Reviewed by Nancy Kay Turner
“Every act of creation is first of all an act of destruction”
“There is no reason not to consider the world as one gigantic painting”
Run don’t walk to see the revelatory exhibition entitled RAUSCHENBERG: THE ¼ MILE at LACMA. The large-scale, enormously ambitious work shown here (together for the first time) as one long piece was done over seventeen years and is a joyful trip through Rauschenberg’s absolutely pristine craftsmanship, complex imagery and his many cultural touchstones. These works were started in 1981 when there was a Rauschenberg retrospective in Europe and clearly the artist is ruminating on his previous bodies of work such as his iconoclastic “Combines” from the fifties and sixties and his “Spreads” series from 1975–83.
Each “piece” of this mile-long exuberant extravaganza begins as a vertical long thin panel that abuts another and another as it tightly winds around the enormous gallery walls. Every panel is like a chapter in a sprawling epic novel as all the sections relate chromatically to those that follow and foreshadow those to come in terms of content and narrative. The stunning installation is clean, careful and just resonates in this vast gallery space.
Though Rauschenberg’s vocabulary of humble found objects such as scuffed cardboard boxes from New York’s Chinatown, to stained shirts, to common dishtowels, is well known, his neat overlapping of fabrics, paint and the transfer imagery from his own photography, rather than printed matter, is the star here. These works not only comment on Rauschenberg’s own history as a painter, sculptor and mixed media artist, but also comment with a sly sense of humor on color field painting, shaped canvases, Op and of course, Pop art.
The first grouping of panels — which has figures of friends, colleagues, family and lovers- outlined simply like elementary kids do in school, is surrounded by images that specifically relate to Rauschenberg’s relationship to his subject and their relationship to the world. These silhouettes harken back to work that Rauschenberg and Susan Weil (his soon-to be -wife) did together in 1949, when they got a friend to lay face down on blueprint paper and exposed her to a sun lamp, creating a blue x-ray–like image. These human-sized silhouettes are the most obvious feature for a number of panels as is the bright, nearly neon orange hue that comes from the Thai saffron dyed fabric. As always, there is an implicit grid-like structure, which holds the composition together, and prevents it from spinning out of control. These panels, numbered 44–60, 67, 68 and 74, were all were finished in 1983. They are all comprised of fabric, acrylic, ink, graphite, solvent transfer and objects on plywood panel, tightly arranged so that one must look very closely to differentiate the painted, printed and glued areas.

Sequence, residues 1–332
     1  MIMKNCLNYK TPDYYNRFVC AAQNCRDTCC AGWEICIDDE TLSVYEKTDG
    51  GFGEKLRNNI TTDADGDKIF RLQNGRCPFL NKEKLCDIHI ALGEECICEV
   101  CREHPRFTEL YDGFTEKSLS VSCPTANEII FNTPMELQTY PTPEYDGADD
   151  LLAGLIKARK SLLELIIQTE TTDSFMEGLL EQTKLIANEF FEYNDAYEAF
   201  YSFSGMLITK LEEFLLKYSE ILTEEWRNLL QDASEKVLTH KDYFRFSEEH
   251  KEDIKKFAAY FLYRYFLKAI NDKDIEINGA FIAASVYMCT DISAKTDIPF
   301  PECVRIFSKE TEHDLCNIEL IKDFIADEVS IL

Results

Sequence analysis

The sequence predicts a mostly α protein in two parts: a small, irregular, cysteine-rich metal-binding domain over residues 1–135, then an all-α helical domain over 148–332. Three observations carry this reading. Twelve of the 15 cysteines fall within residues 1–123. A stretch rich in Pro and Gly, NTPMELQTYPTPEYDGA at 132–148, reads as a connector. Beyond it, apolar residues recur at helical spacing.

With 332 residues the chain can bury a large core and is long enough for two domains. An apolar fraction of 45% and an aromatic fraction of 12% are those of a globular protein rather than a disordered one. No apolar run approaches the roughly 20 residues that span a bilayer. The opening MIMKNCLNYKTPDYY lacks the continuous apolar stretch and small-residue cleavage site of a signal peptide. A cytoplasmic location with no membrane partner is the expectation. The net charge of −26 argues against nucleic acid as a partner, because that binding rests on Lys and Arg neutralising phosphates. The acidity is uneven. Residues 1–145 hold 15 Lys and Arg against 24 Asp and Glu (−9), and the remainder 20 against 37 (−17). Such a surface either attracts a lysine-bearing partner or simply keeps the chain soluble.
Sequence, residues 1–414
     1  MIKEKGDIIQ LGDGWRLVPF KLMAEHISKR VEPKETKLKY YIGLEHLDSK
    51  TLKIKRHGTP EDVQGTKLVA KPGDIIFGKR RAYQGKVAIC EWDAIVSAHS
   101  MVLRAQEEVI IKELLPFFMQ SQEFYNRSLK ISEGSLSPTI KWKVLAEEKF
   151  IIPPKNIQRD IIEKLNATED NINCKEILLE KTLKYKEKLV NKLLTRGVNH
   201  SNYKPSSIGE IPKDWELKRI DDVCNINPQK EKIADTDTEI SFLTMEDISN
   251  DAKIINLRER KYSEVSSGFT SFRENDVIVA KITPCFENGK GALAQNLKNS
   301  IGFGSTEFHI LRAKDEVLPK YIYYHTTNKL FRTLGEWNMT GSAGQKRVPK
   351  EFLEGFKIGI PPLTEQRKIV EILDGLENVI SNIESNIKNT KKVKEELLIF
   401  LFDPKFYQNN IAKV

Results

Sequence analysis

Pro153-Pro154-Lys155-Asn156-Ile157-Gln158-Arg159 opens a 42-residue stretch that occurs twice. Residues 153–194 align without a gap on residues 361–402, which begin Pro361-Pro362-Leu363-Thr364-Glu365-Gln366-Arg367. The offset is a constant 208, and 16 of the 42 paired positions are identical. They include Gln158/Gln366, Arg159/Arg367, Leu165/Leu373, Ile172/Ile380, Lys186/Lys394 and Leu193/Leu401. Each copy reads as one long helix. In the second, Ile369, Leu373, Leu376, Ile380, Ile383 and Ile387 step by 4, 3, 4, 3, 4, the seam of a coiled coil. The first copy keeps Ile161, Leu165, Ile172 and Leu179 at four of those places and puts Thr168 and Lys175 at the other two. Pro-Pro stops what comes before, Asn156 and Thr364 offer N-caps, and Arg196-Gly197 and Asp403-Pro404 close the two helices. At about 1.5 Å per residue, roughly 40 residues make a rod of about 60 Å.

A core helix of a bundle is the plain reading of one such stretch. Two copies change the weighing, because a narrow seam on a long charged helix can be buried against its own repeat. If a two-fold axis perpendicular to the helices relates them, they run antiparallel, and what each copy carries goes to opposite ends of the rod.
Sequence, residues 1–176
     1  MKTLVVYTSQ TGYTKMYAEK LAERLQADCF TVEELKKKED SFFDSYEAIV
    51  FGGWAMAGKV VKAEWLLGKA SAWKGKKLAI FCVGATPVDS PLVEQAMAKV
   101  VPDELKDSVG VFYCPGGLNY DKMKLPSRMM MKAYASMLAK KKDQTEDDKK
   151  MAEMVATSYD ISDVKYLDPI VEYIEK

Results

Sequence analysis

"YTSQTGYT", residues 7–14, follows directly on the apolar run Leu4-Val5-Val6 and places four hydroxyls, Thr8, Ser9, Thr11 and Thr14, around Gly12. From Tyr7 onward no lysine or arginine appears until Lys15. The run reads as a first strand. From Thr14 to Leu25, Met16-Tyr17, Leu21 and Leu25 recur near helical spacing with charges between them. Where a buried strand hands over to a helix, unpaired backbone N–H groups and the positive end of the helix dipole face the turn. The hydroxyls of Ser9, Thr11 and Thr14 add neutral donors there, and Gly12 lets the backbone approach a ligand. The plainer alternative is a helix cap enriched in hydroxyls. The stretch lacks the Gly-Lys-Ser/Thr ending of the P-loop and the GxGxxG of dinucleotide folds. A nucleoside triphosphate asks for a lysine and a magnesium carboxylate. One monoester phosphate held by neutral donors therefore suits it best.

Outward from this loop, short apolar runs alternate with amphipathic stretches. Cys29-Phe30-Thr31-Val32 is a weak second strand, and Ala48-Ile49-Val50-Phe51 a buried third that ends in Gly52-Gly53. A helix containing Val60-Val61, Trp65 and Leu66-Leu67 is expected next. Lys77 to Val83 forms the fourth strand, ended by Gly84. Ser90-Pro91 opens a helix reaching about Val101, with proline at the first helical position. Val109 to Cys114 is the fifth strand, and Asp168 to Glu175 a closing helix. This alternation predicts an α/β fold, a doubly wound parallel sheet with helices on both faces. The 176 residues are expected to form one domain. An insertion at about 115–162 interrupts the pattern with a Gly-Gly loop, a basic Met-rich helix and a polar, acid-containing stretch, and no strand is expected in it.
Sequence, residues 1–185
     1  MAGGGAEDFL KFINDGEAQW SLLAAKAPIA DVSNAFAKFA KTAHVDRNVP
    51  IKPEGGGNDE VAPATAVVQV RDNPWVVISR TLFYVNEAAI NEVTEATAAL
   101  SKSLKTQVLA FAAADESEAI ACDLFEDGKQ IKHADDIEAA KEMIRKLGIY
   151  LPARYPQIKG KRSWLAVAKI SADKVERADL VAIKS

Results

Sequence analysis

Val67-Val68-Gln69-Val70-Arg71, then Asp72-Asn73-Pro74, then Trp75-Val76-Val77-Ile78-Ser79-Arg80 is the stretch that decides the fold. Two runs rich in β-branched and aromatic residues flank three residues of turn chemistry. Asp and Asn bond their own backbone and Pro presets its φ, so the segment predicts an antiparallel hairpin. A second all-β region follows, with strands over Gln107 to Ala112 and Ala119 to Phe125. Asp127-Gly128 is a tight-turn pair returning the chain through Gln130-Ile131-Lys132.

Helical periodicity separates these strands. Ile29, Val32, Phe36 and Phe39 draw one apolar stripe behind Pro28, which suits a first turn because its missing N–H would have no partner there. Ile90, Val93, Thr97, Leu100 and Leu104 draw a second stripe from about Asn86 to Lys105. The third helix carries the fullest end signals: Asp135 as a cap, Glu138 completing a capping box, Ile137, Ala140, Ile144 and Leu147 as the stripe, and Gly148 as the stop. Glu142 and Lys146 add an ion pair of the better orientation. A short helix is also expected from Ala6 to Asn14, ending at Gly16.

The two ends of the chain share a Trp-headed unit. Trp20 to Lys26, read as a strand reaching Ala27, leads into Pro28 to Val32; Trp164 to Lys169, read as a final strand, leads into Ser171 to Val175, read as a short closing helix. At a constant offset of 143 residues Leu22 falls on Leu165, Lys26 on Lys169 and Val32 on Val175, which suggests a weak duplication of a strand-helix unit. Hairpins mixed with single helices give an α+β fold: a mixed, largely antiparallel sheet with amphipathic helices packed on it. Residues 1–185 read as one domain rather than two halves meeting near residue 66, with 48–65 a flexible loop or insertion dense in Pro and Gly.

The figures begin to have the photo transfers contained inside their bodies as if they had ingested something strange and were being x-rayed. Eventually the figures disappear totally when Rauschenberg turns the panels on their side in order to stack them horizontally, which totally changes their shape. This section of the series then becomes resolutely abstract with the imagery referencing both quilts and pattern painting. Ironically, these panels are devoid of any figuration, while Rauschenberg has skillfully blended actual thin fabrics, which are largely indistinguishable from the hand painted surface. . .
To read the rest of Turner’s review, go to Riot Material magazine: https://www.riotmaterial.com/ruaschenberg-quarter-mile/
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